5 Ways to Start Composing

September 14th, 2016 by

composing music techniques

There is nothing quite like the thrill of writing your own piece of music or helping your student to compose but sometimes it can be extremely hard to get started. What can you do to get the ball rolling as it were?

1 Numbers: A great idea I picked up the other week is to pick an easy key, roll three or four dice and convert the numbers (1-6) into degrees of the scale to generate the start of a melody. For example, say we picked G major and the numbers were 3, 4 and 1, that would equate to B (3rd note of the scale of G major), C (4th) followed by G (1st). After toying with these three notes, you should be inspired to know what comes next. If not, roll again! You could try something similar with a phone number. After writing out the number, cross out any zeroes or nines (not degrees of the scale) and see what happens!

2 Letters: I’ve found that writing out a name or word, crossing out the non-musical letters (letters other than ABCDEFG) can generate just enough inspiration to get a melody started.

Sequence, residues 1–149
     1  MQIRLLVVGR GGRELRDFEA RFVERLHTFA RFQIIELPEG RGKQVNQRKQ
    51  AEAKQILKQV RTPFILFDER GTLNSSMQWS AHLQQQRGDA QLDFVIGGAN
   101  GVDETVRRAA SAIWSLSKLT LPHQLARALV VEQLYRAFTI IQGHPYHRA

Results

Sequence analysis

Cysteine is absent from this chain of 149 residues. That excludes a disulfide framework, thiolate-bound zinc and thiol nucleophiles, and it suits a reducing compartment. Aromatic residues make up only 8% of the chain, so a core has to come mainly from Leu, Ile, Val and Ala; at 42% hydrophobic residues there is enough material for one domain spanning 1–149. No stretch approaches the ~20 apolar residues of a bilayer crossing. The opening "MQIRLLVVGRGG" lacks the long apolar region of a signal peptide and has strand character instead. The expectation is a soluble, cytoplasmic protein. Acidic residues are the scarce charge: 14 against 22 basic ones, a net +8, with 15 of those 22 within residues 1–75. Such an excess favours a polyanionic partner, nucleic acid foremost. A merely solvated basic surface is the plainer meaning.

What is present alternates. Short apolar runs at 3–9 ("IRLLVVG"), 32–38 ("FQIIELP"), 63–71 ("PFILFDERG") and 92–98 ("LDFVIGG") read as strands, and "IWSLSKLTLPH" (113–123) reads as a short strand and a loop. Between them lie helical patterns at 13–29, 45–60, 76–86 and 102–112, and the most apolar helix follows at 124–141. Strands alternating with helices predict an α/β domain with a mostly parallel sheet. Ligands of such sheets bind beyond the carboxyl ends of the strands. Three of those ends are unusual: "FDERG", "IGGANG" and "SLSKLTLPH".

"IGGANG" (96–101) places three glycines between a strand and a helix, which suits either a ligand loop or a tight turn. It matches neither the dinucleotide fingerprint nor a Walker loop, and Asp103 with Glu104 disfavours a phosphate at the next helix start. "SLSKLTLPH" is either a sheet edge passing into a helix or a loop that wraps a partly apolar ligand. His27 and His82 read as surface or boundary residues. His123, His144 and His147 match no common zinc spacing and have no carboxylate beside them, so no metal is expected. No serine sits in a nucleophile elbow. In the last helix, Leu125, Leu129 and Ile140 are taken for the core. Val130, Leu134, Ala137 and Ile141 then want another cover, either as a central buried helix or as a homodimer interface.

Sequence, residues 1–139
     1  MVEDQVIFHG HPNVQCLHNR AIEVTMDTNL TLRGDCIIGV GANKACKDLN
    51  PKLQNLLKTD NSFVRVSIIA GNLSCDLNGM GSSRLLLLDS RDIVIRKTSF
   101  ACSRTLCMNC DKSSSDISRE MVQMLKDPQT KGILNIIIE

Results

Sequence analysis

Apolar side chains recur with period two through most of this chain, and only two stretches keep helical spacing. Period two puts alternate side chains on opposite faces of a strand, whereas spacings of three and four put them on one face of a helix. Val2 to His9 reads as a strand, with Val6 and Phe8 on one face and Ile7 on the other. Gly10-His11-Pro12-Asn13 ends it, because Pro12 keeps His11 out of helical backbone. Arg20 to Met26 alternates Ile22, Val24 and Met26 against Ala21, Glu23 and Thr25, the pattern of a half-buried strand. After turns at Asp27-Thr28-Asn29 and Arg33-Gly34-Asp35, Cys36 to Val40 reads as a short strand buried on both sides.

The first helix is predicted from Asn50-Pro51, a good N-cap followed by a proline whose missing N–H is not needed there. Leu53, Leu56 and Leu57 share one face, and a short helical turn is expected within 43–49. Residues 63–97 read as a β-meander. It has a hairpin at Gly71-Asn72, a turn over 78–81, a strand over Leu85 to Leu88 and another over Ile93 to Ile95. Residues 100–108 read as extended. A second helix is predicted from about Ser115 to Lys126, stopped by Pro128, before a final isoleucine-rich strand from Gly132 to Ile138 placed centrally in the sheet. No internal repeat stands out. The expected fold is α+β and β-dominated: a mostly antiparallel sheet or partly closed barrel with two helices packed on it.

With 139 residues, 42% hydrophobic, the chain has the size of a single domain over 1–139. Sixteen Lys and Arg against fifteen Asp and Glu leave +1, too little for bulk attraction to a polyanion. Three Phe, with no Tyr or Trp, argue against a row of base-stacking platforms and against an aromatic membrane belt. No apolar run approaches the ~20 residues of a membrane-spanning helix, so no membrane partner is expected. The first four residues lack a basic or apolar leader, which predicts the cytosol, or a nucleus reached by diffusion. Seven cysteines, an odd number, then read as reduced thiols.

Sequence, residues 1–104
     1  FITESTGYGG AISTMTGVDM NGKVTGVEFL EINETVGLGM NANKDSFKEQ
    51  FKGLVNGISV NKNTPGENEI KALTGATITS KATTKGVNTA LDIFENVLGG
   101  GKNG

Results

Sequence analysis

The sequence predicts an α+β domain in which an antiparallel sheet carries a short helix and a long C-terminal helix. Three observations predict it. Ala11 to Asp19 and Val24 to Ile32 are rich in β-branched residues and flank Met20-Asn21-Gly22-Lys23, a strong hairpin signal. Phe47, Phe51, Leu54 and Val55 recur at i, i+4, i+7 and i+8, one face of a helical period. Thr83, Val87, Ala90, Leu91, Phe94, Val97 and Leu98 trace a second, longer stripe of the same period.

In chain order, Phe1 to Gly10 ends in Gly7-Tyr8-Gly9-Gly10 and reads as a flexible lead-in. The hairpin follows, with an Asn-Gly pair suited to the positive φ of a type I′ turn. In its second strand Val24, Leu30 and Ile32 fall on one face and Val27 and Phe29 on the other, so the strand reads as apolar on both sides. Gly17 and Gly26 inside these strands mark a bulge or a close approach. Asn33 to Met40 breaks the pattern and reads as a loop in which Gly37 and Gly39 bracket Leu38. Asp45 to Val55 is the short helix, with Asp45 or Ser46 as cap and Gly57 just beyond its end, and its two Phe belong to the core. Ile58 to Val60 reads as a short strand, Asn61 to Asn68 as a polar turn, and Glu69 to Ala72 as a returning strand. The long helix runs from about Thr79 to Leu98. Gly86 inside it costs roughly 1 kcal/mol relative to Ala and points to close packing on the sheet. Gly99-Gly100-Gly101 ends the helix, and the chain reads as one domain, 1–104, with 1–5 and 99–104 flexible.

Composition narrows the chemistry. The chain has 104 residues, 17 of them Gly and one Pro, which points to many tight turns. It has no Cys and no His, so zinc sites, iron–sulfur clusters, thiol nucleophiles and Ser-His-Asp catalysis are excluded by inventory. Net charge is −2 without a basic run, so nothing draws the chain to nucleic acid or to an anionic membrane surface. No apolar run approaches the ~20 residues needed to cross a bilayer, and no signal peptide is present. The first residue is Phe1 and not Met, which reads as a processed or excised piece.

3 Words: One of Paul McCartney’s songs “Yesterday” started out as “Ham and Eggs!” He simply used whatever words popped into his mind so as to generate a melody and carefully refined the lyrics later. I’ve found that words conjure up their own natural rhythm and pitch direction. Words are easily found everywhere and can just be enough to induce the start of something great.

4 Pictures: Many classical composers used the method of looking at a painting and reacting to it in a musical way. How can you express the scene you see or the emotion the picture makes you feel in music? With Google images at our fingertips, inspiration is never far away.

5 Singing: This is probably my favourite method. I will repeatedly play a chord sequence, humming over the top until I stumble over a pleasing melody. I find that I am less conscious of what notes I am choosing with the results being a lot more organic and original.

Forcing a new approach on your composing can really help fight cliché and genuinely surprise you with fresh, original possibilities. What methods have you used or heard of for fighting writer’s block and generating new ideas?

Posted in Composing & Arranging, Music Theory, Teaching Tips

About the Author

Reuben Vincent
Reuben Vincent is a freelance musician working as a composer, producer and private music teacher, based from his purpose built recording studio in Bagillt, Flintshire, North Wales, UK. His main instrument is the piano although he is also known for a "mean" solo on the Kazoo!!!

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